Speaker 1 00:30:38 Well, and I guess they would've had to during Covid too. Absolutely. There's time. Absolutely. You know, it would've must've been essential. So when you look back on it, and it's been a, a few years, but not too many, just the right number. And it's from the time of being a, you know, a VU graduate.

Speaker 2 00:30:51 Yeah.

Speaker 1 00:30:51 Then alumnus, then becoming, you know, working through all these different organizations, be they sporting clubs or Health Direct or National Safety Council. Now Lifeline, what, what were, was there any surprises along the way, you know, things that you really didn't expect in your career?

Speaker 2 00:31:09 I think probably the, the challenges with people.

Speaker 1 00:31:14 Yes.

Speaker 2 00:31:15 Yes. Which is, no, no kidding Sherlock. But I think, and again, that one of the advantages of, of the course here, it's interesting that one of my lecturers is still my mentor in life. Wow. Yeah. Chap called Wayne Bishop, who was a, one of the founding lecturers in the, in the physical education program. And Wayne still mentors me to this day. So they had this sort of can-do attitude again, pioneering spirit, take it on, which I think has gone, you know, I still speak to colleagues I went through, has gone through us all the way through, but the, the challenges with the, you know, I think I've said about the human, the body and the human being is fascinating to me and just managing people. Yeah. You know, I think for students that EQ side of things is, is just sort of mission critical and make, make sure you get that side of it right.

Speaker 2 00:32:15 Yes. Because at the end of the day, it's, it's about a group of people on a mission to achieve something and you, you need to have everyone on board. So it's been, I guess the complexities of the human beings. I think also, Adam, that I'd encourage the stu if any students are listening, just to be flexible in your thinking. I, if you would've told me, I would've gone from the phys ed teacher to, you know, running a corporate health business to being c e o of an a f L club to be, you know, running Lifeline, I would've said, you're kidding. So I, I think it's just to be open, be flexible as opportunities present themselves. Don't knock them out of the way. You'll be surprised. And, and to continue, I have a full, a real pH and this, this comes from Wayne Bishop actually, that, you know, I, two sort of six words sayings be in the game of life.

Speaker 2 00:33:12 I think the game of life is actually quite challenging if you do it properly, you know, in all sorts of areas. You know, the, the rhythm of life is really interesting, but the best is yet to come. Yes. You know, I, I've arguably had my most important job and will probably be my last big c e o job. So, you know, at a, at not a ripe young age, I was fortunate enough to get the lifeline gig, and that was based on a mentality of the, you know, tonight's gonna be better than this afternoon, tomorrow's gonna be better than today. And that's really been something that's sort of carried me through.

Speaker 1 00:33:48 That's amazing. I I really love the idea that continuity, respect, togetherness, and having a mentor that's continued all the way through that gives us incredible pride to think that's happened. And we want to, you know, on behalf of you as well, thank him for doing that. Yeah. I think and thanking any mentor who does that?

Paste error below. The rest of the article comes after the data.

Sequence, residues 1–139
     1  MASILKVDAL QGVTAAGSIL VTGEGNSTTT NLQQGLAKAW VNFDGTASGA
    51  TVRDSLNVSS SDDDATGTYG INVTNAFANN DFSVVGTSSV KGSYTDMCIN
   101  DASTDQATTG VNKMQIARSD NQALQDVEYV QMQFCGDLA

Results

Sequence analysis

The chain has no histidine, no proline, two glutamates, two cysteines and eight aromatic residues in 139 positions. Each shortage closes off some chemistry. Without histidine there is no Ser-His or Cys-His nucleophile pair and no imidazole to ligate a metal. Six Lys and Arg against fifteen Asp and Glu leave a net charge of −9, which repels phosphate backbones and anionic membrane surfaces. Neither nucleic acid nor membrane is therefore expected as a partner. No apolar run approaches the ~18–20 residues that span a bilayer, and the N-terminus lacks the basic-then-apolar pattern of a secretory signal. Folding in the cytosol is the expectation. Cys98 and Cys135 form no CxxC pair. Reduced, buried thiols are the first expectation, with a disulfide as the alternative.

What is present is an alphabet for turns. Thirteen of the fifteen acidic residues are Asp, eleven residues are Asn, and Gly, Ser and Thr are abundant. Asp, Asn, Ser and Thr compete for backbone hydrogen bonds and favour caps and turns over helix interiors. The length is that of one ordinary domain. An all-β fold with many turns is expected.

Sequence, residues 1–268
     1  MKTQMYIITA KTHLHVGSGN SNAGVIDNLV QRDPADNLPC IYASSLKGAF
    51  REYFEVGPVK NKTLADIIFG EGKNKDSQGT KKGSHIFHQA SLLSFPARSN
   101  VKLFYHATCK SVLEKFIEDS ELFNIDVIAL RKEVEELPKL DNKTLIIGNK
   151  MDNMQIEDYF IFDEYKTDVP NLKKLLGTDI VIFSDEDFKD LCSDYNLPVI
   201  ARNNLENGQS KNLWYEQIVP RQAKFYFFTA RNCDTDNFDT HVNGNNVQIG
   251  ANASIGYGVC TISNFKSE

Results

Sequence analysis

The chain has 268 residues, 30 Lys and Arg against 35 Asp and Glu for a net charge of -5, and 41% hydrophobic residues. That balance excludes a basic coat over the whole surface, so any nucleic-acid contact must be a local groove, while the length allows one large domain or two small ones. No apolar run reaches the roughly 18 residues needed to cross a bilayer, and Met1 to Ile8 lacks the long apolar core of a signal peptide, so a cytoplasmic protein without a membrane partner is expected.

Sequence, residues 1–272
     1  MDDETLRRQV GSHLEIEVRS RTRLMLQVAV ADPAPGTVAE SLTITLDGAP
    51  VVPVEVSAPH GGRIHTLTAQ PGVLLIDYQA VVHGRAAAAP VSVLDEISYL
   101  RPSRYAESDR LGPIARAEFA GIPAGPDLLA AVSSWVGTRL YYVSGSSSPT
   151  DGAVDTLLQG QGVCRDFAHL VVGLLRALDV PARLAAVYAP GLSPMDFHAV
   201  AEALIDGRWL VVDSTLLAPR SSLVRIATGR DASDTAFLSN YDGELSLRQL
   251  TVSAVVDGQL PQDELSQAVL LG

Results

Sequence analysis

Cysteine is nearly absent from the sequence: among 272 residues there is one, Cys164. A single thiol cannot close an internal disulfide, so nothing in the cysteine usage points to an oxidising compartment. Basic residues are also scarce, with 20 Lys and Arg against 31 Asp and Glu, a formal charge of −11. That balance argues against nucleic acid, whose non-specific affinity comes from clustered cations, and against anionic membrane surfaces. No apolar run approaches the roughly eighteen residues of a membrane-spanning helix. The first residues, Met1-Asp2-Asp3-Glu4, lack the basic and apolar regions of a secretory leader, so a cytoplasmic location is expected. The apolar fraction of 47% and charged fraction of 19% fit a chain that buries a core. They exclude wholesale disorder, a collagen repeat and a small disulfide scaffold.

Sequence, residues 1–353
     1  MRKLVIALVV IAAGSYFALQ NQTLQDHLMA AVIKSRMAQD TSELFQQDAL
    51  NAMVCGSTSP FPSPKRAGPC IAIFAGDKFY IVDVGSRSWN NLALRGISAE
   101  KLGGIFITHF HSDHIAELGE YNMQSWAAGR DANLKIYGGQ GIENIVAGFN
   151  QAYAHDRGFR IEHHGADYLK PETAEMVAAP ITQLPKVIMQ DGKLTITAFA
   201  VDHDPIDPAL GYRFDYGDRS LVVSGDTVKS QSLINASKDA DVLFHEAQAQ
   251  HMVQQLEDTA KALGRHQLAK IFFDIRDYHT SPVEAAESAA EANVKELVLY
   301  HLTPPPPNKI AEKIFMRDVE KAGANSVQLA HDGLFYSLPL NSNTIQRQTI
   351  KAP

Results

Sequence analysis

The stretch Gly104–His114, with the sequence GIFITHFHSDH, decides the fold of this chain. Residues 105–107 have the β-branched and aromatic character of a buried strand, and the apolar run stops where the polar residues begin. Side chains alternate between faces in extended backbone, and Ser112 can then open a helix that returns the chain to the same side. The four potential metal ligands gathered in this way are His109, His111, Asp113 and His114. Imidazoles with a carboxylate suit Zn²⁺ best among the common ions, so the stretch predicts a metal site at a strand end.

Speaker 2 00:34:04 Well, Wayne, Wayne was, you know, I think, I think we were chatting before, I remember coming from my first interview in a house on Ballarat Road to get into the course, and Wayne was the person that interviewed me. And here we are a couple of years later, still engaging.

Speaker 1 00:34:20 It's a marvelous thing. We're talking actually about graduations this week, and one of our thoughts is to go back and ask students to nominate a mentor and to invite the mentor to come to the graduation as well as the family. Yeah, absolutely. We thought that would be a good way to really make it stick. And, you know, the very thing you're talking about, these things are not small. They're lasting and they're crucial. Yeah.

Speaker 2 00:34:42 The, the impact of that group, and again, I won't go through all the names, but, you know, pioneering comes into, in, in, into mind and just the impact they had. I know a lot of my, my colleagues through that time have, have gone on to, you know, quite varied careers, but, you know, really having a real significant impact, you know, on the community and, and working for purpose, et cetera. And, you know, a lot of them achieved a lot in sport. We had, you know, Australian basketballs in the, in the course, et cetera. And just a great group of people who, you know, as a, as a 17, 18 year old person, you're, you're a little bit moldable at that stage. And so those people still, you know, have a huge impact on my thinking today.

Speaker 1 00:35:35 It's great stuff. Well, you know, from past, present, future, I love the idea of, you know, the, the best is yet to come, but also togetherness is yet to come even more so than today. Yeah, absolutely. You know, really is the case. So Colin, I'm gonna say thank you because I've enjoyed every second of this has gone like lightning, but the truth is I've learned a lot and I learned a lot about, not just you, but about this organization from you. And I want to thank you so much for being part of it today. Thank you again. Great. Thanks Adam. It's been an absolute pleasure. It's a great thing.